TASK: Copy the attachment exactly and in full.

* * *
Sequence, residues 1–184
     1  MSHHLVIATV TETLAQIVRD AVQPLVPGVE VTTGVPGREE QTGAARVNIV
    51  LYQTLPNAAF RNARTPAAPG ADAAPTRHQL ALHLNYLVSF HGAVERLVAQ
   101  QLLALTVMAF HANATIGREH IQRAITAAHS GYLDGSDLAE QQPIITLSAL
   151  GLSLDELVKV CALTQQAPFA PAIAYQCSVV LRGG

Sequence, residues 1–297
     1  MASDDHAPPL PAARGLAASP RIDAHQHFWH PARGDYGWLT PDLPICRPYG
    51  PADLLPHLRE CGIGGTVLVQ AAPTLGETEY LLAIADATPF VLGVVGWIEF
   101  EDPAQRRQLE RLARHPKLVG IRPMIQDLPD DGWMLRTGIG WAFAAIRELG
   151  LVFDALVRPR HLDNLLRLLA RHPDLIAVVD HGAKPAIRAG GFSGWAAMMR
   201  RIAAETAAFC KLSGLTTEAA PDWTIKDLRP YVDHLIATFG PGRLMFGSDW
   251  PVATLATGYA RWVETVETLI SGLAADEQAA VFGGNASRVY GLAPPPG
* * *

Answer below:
Sequence, residues 1–184
     1  MSHHLVIATV TETLAQIVRD AVQPLVPGVE VTTGVPGREE QTGAARVNIV
    51  LYQTLPNAAF RNARTPAAPG ADAAPTRHQL ALHLNYLVSF HGAVERLVAQ
   101  QLLALTVMAF HANATIGREH IQRAITAAHS GYLDGSDLAE QQPIITLSAL
   151  GLSLDELVKV CALTQQAPFA PAIAYQCSVV LRGG

Sequence, residues 1–297
     1  MASDDHAPPL PAARGLAASP RIDAHQHFWH PARGDYGWLT PDLPICRPYG
    51  PADLLPHLRE CGIGGTVLVQ AAPTLGETEY LLAIADATPF VLGVVGWIEF
   101  EDPAQRRQLE RLARHPKLVG IRPMIQDLPD DGWMLRTGIG WAFAAIRELG
   151  LVFDALVRPR HLDNLLRLLA RHPDLIAVVD HGAKPAIRAG GFSGWAAMMR
   201  RIAAETAAFC KLSGLTTEAA PDWTIKDLRP YVDHLIATFG PGRLMFGSDW
   251  PVATLATGYA RWVETVETLI SGLAADEQAA VFGGNASRVY GLAPPPG